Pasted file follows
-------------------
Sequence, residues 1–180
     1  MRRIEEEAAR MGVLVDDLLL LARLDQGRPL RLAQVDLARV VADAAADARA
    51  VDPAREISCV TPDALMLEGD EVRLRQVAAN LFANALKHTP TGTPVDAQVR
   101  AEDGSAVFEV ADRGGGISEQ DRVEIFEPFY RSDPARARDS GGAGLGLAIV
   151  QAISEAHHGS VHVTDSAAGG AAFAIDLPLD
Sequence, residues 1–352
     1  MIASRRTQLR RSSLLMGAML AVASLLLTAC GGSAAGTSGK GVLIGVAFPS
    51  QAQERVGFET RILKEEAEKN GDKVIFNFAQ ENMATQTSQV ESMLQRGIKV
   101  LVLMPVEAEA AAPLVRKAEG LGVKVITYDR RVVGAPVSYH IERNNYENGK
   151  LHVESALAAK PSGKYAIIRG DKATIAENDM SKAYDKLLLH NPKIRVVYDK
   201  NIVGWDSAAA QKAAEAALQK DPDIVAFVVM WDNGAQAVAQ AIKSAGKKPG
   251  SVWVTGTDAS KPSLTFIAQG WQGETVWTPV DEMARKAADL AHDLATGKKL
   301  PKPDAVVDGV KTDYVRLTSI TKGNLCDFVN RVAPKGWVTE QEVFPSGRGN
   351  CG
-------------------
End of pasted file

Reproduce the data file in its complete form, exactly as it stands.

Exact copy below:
Sequence, residues 1–180
     1  MRRIEEEAAR MGVLVDDLLL LARLDQGRPL RLAQVDLARV VADAAADARA
    51  VDPAREISCV TPDALMLEGD EVRLRQVAAN LFANALKHTP TGTPVDAQVR
   101  AEDGSAVFEV ADRGGGISEQ DRVEIFEPFY RSDPARARDS GGAGLGLAIV
   151  QAISEAHHGS VHVTDSAAGG AAFAIDLPLD
Sequence, residues 1–352
     1  MIASRRTQLR RSSLLMGAML AVASLLLTAC GGSAAGTSGK GVLIGVAFPS
    51  QAQERVGFET RILKEEAEKN GDKVIFNFAQ ENMATQTSQV ESMLQRGIKV
   101  LVLMPVEAEA AAPLVRKAEG LGVKVITYDR RVVGAPVSYH IERNNYENGK
   151  LHVESALAAK PSGKYAIIRG DKATIAENDM SKAYDKLLLH NPKIRVVYDK
   201  NIVGWDSAAA QKAAEAALQK DPDIVAFVVM WDNGAQAVAQ AIKSAGKKPG
   251  SVWVTGTDAS KPSLTFIAQG WQGETVWTPV DEMARKAADL AHDLATGKKL
   301  PKPDAVVDGV KTDYVRLTSI TKGNLCDFVN RVAPKGWVTE QEVFPSGRGN
   351  CG